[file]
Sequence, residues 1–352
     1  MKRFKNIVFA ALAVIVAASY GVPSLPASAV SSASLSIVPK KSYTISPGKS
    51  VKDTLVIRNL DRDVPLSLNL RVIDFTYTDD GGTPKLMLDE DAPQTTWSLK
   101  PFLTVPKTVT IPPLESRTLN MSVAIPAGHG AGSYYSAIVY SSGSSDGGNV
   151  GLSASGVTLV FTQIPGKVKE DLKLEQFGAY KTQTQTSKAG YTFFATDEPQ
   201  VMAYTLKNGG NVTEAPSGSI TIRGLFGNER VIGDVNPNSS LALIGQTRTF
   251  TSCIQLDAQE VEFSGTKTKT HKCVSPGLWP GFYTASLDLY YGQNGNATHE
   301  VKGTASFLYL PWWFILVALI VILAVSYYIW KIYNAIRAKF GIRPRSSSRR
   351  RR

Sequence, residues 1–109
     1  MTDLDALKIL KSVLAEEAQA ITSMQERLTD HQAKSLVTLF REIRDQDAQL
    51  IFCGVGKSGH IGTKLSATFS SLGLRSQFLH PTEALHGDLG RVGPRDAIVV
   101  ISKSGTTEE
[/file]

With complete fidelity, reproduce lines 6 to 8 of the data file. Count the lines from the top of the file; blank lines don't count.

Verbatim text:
   201  VMAYTLKNGG NVTEAPSGSI TIRGLFGNER VIGDVNPNSS LALIGQTRTF
   251  TSCIQLDAQE VEFSGTKTKT HKCVSPGLWP GFYTASLDLY YGQNGNATHE
   301  VKGTASFLYL PWWFILVALI VILAVSYYIW KIYNAIRAKF GIRPRSSSRR